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Talkington, Patricia Tracey March 15, 1939- January 9, 2021 Patricia Tracey Talkington, sweetest sister, most fun aunt, favorite grade school teacher, avid antique collector, loving friend and wife passed away peacefully on January 9, 2021 following a long struggle with Alzheimer's disease. Patty was born March 15, 1939 in her longtime home of Ann Arbor, Michigan. She was the fourth child of Madeleine and Roche C. Shehan. Patty was the baby of her family and was known for her kind heart and joyful spirit. She attended St. Thomas High School where she was a cheerleader. She attended the University of Kentucky in Lexington before transferring to Sienna Heights College in Adrian, MI, from where she graduated and entered the Convent of the Dominican Sisters of Adrian, taking the name Sister Therese Lisieux, the "little flower". Patty left the convent prior to taking her final vows and returned to Ann Arbor where she continued a 30-plus year career as an elementary school teacher in the Ann Arbor public schools, mostly teaching first and second grades at Angell School. Blessed with a nurturing soul, Patty excelled at her craft and was adored by her students. During this time she developed a passion for early American antiques and a love of golf. Patty and her husband, Denny Tracey, built a renowned collection of their own during their decades as antique dealers. Patty would traverse the Midwest and Northeast with her cousin, and dear friend, Polly Minick, looking for the perfect pieces to add to her collection. She cherished these trips and her annual "business" trips to New Hampshire and Maine each summer with her sisters. After she and Denny divorced, Patty was touched by fate and reconnected with Tom Talkington, then a widower, whom she had first met years before at the Washtenaw Country Club where she was a member and he was the head golf pro. They soon fell in love and were married, splitting time between their home Port St. Lucie, Florida and Jackson, Tennessee before Tom passed in 2015. By then, aware of her Alzheimer's, Patty moved to San Antonio, Texas, where her sister, Greta, lived and resided at The Village of Incarnate Word until she passed. Patty was preceded in death by her husband, Tom, and her parents, as well as, her brother William Roche Shehan and her sister Greta Shehan Broderick. She is survived by her sister Kay Shehan of St. Louis, niece Carla Broderick of Los Angeles and nephew, Peter Broderick of San Antonio, his wife Laura Broderick and children Will and Kate, as well as, her cousin, Polly Minick, of Naples, Florida. Patty was a bright ray of sunshine who blessed all who were fortunate to meet her with her warmth and kindness and she will be deeply missed. A celebration of Patty's life will be held in Ann Arbor at a later date once conditions improve. Our family would like to thank the numerous loving caregivers at the De Matel House of The Village of Incarnate Word in San Antonio, Sisters Care, and Accountable Aging that helped provide Patty with the most loving and compassionate care. Patty loved animals and had many wonderful pets whom she adored; in lieu of flowers, memorial may be made to the Humane Society of Huron Valley, Michigan or The Humane Society of St. Lucie County, Florida. You are invited to sign the Guestbook at Arrangements with PORTER LORING MORTUARY 1101 MCCULLOUGH AVENUE SAN ANTONIO, TX 78212 - (210) 227-8221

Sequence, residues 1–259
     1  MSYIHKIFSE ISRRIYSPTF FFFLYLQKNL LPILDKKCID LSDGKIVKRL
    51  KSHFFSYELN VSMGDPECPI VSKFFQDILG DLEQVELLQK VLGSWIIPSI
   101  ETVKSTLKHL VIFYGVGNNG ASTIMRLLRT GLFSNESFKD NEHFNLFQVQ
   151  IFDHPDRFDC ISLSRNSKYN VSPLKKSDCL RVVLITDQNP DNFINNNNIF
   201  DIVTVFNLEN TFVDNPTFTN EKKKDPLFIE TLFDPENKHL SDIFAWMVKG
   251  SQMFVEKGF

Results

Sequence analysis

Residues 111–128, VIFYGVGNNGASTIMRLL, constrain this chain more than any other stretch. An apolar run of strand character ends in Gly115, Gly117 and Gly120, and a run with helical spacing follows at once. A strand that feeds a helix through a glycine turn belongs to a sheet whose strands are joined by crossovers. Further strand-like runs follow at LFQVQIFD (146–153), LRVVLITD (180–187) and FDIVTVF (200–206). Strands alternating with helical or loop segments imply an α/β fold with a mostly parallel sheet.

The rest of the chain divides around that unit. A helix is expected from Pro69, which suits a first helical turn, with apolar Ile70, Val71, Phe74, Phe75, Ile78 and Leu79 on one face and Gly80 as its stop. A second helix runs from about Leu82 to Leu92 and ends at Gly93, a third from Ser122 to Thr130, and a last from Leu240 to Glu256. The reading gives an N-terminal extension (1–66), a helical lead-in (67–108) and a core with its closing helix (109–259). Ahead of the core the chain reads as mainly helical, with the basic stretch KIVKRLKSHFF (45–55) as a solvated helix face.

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Published in Ann Arbor News from Apr. 30 to May 2, 2021.